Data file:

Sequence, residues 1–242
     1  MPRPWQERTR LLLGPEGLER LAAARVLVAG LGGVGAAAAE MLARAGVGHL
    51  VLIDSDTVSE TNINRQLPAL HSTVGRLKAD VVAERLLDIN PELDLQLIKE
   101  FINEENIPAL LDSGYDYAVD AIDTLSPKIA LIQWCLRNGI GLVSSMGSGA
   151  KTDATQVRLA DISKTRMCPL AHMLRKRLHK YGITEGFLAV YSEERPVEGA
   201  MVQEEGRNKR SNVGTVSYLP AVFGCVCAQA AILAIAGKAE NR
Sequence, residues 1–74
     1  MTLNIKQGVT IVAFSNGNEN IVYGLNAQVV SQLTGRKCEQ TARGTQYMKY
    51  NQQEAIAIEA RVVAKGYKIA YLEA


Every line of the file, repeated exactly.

Sequence, residues 1–242
     1  MPRPWQERTR LLLGPEGLER LAAARVLVAG LGGVGAAAAE MLARAGVGHL
    51  VLIDSDTVSE TNINRQLPAL HSTVGRLKAD VVAERLLDIN PELDLQLIKE
   101  FINEENIPAL LDSGYDYAVD AIDTLSPKIA LIQWCLRNGI GLVSSMGSGA
   151  KTDATQVRLA DISKTRMCPL AHMLRKRLHK YGITEGFLAV YSEERPVEGA
   201  MVQEEGRNKR SNVGTVSYLP AVFGCVCAQA AILAIAGKAE NR
Sequence, residues 1–74
     1  MTLNIKQGVT IVAFSNGNEN IVYGLNAQVV SQLTGRKCEQ TARGTQYMKY
    51  NQQEAIAIEA RVVAKGYKIA YLEA